“Oh Mary, conceived without sin, pray for us who have recourse to thee”.

– Prayer from the Miraculous Medal.

June 28: St. Irenaeus (125-202 AD)

St. Irenaeus was a disciple of St. Polycarp (who in turn was a disciple of St. John the Apostle) and was sent to Lyons, France to confront the heresies of the Gnostics. He is a Doctor of the Church and his most famous work is Adversus Haereses (Against the Heresies) where he corrects the Gnostics misuse, and misinterpretation, of Biblical passages. The Gnostics claimed that eternal life could be gained only by receiving special knowledge about God, knowledge available to a chosen few. Irenaeus taught that, according to Scripture, God wished all people to be saved and to know the truth. St. Irenaeus was martyred in the persecution initiated by the Roman Emperor Septimus Severus in 202 AD.

Our Lady Undoer of Knots has been a very popular novena since the 17th century. Though the novena is based on a painting commissioned to celebrate the reconciliation of the marriage of a German noble couple, the source of Mary’s title is a quote from St. Irenaeus: “The knot of Eve’s disobedience was untied by the obedience of Mary; what the virgin Eve bound by her unbelief, the Virgin Mary loosened by her faith.” Pope Francis has promoted this devotion by proclaiming “Through Mary, all the knots of our heart, every knot of our conscience can be undone.” 

Use this web link if you are interested in praying this novena:

June 29: Solemnity of Saints Peter and Paul

Both of these Apostles are considered the foundation stones of our Catholic Faith. They were both martyred in 66 or 67 AD under Nero, in Rome. St. Peter was buried on the hill of the Vatican where recent excavations have revealed his tomb on the very site of the Basilica of St. Peter’s. St. Paul was beheaded in the Via Ostia on the spot where now stands the basilica bearing his name. Under their leadership, Rome, the capital of the Roman Empire, became the center of the Christian world to spread the faith.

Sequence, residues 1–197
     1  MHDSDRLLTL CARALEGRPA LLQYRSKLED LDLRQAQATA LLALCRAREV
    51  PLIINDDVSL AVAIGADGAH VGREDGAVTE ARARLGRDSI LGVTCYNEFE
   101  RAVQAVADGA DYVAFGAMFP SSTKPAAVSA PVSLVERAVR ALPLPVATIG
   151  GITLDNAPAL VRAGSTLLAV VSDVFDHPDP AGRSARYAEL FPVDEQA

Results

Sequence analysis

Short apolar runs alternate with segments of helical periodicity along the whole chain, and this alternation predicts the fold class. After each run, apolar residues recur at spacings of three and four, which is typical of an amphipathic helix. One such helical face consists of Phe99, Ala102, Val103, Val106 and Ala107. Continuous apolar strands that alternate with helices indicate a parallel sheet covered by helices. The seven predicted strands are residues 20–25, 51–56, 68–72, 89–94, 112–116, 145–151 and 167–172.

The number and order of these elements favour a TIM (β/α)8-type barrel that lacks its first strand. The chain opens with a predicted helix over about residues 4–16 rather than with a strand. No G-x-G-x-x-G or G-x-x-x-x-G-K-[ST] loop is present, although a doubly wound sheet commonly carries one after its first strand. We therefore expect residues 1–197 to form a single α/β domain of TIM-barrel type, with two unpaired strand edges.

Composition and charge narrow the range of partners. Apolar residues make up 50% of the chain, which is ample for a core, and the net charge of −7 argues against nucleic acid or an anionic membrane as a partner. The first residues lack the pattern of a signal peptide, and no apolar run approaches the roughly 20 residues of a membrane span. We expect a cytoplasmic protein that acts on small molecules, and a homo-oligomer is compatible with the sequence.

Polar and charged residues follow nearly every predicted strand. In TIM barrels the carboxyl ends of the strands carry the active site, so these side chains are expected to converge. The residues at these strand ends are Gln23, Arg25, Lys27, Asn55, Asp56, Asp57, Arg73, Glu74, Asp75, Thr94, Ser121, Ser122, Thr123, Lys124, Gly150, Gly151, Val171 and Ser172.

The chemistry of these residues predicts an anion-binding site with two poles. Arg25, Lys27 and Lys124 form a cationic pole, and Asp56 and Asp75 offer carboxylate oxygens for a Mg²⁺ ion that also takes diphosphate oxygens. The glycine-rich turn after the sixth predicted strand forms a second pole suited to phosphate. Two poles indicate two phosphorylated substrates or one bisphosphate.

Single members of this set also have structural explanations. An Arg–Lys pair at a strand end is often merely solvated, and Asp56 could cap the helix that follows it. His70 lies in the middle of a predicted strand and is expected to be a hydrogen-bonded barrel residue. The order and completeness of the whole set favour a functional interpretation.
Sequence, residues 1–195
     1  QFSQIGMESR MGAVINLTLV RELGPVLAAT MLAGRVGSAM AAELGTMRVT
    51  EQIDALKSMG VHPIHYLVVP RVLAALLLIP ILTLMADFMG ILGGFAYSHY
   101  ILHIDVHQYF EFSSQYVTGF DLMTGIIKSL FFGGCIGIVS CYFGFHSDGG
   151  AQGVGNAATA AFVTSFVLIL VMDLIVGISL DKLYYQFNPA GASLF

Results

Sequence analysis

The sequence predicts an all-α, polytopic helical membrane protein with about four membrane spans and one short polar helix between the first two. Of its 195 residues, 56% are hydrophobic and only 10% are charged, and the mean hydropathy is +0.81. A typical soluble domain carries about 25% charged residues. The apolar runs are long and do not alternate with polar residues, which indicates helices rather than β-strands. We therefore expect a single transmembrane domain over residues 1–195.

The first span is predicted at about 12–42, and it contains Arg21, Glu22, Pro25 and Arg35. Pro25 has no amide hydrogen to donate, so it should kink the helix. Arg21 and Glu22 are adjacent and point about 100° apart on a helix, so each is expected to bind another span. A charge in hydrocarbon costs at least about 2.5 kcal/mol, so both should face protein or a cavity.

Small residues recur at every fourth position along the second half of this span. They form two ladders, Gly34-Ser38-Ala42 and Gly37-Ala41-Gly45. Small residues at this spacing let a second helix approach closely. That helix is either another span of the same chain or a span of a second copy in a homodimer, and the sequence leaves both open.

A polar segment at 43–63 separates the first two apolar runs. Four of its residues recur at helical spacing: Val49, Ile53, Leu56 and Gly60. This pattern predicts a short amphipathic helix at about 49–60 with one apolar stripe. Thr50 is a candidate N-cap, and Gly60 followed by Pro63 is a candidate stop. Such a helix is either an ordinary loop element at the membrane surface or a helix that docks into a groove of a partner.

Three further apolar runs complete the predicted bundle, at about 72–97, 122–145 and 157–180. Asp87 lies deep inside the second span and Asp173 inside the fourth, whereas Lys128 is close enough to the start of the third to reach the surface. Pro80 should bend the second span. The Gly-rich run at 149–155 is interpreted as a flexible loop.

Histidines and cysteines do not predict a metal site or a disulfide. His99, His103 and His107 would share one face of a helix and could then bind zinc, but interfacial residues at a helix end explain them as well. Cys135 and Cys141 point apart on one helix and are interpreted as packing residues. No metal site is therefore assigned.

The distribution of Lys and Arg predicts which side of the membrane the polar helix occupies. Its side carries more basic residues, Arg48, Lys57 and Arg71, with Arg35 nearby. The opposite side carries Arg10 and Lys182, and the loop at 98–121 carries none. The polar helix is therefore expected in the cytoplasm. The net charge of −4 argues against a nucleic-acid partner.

Today also marks the end of the Catholic Church’s Religious Freedom Week. This begins on June 22, the feast day of Sts. Thomas Moore and John Fisher. During this week, the Church prays that all religious communities can live out their faith in public, and serve the good of all. 

“Therefore brethren, be the more zealous to confirm your call and election, for if you do this you will never fall; so there will be richly provided for you an entrance into the eternal kingdom of our Lord and Savior Jesus Christ. I think it is right as long as I am in this body to arouse you by way of reminder, since I know that the putting off of my body will be soon, as our Lord Jesus Christ has shown me.” – II Peter 1:10-11, 13-14

“I, Paul, am already being poured out like a libation, and the time of my departure is at hand. I have competed well; I have finished the race; I have kept the faith. From now on the crown of righteousness awaits me, which the Lord, the just judge, will award to me on that day, and not only to me, but to all who have longed for his appearance.” – II Tim 4: 6-8.